Is Social Support Equally Important for Both Directly and Indirectly Affected Disaster Victims?
2011 (English)In: European Journal of Psychotraumatology: Volume 2 Supplement 1, 2011, 72-72 p.Conference paper, Abstract (Refereed)
There has been much research on social support and its association with both general mental and physical health, and social support is an important salutogenic factor after traumatic events. Still, the magnitude of the effect of social support on posttraumatic stress (PTS) is not fully understood. In particular, the importance of social support after disasters may be contingent on exposure severity. In a survey of Swedish tourists 14 months after the tsunami in Southeast Asia (N4910), in which the survivors were exposed to few post-disaster adversities, detailed information on exposure severity allowed for an examination of the effect of the interaction between social support and exposure severity on PTS. Social support was assessed by the Crisis Support Scale and PTS by the Impact of Event Scale-Revised. Preliminary analyses will be presented, and the size and significance of the effect will be discussed.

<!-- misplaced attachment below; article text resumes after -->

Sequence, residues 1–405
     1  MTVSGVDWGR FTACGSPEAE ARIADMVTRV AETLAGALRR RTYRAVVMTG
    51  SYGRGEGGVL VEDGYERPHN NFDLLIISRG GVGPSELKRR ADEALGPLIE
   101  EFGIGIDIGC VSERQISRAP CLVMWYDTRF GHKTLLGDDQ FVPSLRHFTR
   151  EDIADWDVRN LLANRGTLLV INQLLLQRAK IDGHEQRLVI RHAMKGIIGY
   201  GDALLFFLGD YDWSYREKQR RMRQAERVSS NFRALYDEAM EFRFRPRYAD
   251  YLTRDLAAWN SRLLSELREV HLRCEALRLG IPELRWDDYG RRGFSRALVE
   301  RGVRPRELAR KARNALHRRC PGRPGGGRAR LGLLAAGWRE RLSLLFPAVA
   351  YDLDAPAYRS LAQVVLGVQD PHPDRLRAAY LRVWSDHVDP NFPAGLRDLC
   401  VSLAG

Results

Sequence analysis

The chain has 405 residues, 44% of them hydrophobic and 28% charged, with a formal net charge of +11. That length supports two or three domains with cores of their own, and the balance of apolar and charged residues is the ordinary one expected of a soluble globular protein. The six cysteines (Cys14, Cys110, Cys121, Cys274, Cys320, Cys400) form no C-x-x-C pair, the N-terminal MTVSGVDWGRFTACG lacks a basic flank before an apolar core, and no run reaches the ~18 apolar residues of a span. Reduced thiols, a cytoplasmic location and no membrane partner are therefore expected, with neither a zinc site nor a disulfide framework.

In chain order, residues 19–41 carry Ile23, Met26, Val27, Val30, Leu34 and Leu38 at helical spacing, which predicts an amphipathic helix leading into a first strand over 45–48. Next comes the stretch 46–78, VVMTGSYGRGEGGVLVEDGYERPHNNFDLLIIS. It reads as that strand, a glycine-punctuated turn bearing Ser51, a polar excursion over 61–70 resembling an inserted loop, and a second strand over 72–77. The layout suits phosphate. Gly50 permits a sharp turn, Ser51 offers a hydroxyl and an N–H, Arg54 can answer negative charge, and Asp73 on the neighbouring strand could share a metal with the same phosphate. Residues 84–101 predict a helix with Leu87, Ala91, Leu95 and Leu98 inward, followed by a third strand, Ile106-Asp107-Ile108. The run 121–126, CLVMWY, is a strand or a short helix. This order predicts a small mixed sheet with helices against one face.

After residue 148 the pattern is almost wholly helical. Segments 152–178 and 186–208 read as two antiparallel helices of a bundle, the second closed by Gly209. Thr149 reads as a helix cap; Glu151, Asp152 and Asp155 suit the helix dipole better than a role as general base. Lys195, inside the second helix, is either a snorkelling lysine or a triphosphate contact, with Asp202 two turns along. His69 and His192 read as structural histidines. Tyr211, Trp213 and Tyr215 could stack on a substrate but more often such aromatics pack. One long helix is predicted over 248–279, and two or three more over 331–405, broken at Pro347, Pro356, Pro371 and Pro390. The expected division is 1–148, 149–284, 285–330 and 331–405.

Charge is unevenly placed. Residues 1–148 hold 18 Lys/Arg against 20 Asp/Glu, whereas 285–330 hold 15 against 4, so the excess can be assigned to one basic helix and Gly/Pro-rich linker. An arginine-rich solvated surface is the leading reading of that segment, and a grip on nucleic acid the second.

Place, publisher, year, edition, pages
2011. 72-72 p.
IdentifiersURN: urn:nbn:se:uu:diva-219771OAI: oai:DiVA.org:uu-219771DiVA: diva2:703110
12th European Conference on Traumatic Stress, Vienna, June 2-5, 2011